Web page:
Russia quietly pulls back forces from Chechnya fight on

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The Independent Online

Russia has quietly halved its forces in Chechnya to 50,000 men in a tacit admission that it cannot overcome the resistance of rebel fighters.

Russia has quietly halved its forces in Chechnya to 50,000 men in a tacit admission that it cannot overcome the resistance of rebel fighters.

The cutback in troop levels is continuing despite an increase in guerrilla attacks on Russian soldiers in Grozny, the ruined Chechen capital, and in surrounding towns captured by the Russian army earlier in the war.

General Vyacheslav Borisov, the deputy Russian commander in Chechnya, says his forces now number 48,958 men, backed by 202 tanks and 1,784 armoured personnel carriers. At the height of the fighting, during the battle for Grozny earlier in the year, Russia maintained a force of almost 100,000 soldiers in the rebel republic.

The Russian army was able to pen the guerrillas into the mountains of southern Chechnya and inflict heavy casualties on them, but it also began to suffer big losses in ambushes. The reduction in troop levels indicates that the army has largely given up it efforts to hunt down guerrilla units. Russia has lost 2,127 soldiers killed and 6,021 wounded in the war, according to official figures.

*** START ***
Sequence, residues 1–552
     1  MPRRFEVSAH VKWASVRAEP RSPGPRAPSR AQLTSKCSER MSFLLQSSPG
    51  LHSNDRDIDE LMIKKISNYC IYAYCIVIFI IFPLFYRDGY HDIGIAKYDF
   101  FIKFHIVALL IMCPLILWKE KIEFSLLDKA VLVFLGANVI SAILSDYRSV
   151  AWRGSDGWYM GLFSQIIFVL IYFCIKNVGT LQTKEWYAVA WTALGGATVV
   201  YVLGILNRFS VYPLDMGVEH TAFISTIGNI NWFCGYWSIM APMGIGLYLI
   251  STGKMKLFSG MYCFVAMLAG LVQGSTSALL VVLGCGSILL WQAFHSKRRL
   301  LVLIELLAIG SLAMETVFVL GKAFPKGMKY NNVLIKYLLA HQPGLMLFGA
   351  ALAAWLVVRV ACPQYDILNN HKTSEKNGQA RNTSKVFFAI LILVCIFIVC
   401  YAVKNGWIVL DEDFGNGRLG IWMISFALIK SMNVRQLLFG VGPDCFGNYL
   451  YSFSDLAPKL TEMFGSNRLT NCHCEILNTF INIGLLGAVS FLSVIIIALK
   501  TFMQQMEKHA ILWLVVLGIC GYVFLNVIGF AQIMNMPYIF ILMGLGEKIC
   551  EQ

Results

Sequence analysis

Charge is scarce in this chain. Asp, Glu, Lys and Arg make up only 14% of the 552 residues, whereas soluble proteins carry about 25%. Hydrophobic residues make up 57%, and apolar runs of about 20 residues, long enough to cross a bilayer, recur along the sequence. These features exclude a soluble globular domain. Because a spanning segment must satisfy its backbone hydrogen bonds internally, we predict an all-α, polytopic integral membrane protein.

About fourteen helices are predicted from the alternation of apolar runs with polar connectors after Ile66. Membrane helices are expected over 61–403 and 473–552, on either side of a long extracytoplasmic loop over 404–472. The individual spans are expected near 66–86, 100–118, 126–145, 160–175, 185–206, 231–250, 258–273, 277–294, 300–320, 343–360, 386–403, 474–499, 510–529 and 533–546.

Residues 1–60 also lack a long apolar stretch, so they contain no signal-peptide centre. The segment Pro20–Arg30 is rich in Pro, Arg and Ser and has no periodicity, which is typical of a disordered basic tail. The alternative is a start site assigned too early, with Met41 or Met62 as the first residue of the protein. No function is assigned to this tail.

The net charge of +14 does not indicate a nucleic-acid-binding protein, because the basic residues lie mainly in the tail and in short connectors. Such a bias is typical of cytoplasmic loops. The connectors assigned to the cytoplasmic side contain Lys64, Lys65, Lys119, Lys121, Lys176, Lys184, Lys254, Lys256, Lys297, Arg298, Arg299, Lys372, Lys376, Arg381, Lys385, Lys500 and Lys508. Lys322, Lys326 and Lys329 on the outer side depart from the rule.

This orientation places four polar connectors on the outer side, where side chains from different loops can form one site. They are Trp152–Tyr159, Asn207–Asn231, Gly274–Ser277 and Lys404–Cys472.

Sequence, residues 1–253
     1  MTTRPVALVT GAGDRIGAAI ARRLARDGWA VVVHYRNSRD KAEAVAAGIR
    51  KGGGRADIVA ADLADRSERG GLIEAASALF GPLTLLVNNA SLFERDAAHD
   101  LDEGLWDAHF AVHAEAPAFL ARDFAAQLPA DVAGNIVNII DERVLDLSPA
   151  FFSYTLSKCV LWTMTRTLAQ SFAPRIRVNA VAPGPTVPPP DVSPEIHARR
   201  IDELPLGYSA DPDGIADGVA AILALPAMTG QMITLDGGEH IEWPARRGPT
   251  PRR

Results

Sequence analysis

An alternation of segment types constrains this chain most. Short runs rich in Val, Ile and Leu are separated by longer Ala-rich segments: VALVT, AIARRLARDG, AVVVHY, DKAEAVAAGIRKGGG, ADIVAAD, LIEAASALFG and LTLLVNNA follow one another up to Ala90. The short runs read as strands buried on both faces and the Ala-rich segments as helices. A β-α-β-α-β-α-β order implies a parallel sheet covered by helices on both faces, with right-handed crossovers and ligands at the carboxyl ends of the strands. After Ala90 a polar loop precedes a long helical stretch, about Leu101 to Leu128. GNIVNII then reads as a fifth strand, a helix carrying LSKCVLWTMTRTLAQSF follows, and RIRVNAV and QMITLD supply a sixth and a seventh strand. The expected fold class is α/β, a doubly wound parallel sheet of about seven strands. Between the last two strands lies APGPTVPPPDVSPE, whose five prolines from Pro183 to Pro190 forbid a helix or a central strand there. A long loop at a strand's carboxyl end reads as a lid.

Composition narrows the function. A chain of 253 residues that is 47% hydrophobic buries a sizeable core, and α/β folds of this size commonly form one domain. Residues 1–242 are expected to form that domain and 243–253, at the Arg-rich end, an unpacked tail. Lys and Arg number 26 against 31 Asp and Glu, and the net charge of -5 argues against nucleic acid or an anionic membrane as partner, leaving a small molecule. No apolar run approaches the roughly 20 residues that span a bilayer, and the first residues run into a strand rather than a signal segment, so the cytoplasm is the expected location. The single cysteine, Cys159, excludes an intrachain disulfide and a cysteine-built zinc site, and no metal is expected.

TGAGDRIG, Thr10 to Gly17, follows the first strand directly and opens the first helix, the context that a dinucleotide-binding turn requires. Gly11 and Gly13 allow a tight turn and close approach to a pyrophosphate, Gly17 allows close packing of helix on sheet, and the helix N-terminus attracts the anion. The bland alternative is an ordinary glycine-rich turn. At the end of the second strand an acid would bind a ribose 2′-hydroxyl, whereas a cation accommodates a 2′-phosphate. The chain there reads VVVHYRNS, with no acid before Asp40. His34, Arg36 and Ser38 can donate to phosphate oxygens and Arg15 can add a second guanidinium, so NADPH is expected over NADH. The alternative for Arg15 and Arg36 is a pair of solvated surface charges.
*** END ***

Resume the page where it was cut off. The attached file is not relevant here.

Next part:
The Kremlin has had less interest in achieving a total victory since Vladimir Putin, who sprang from obscurity as the man who launched the Chechen war nine months ago, won the presidential election in March. In a recent opinion poll, 48 per cent of Russians said they wanted to continue the military campaign in Chechnya and 23 per cent favoured peace negotiations. That showed the support for the war is still substantial, but slipping.

In a remarkably frank interview with the Novya Gazeta newspaper, General Vladimir Shamanov, one of the most combative Russian commanders in the war, said: "I feel like a foreign body in Moscow. Most of all I'm depressed with [the leaders'] mistaken belief that their well-being ends with the ring road around Moscow and not with the southern borders of Russia in the Caucasus."

Gen Shamanov insisted that accounts of Russian atrocities against Chechen civilians were exaggerated. But, he said, much of the indiscipline in the Russian army is the result of the use of "contract" soldiers who "want to make money by any method, including looting". Gen Shamanov said the "contract" soldiers were also typified by lack of professionalism, drunkenness and idleness.

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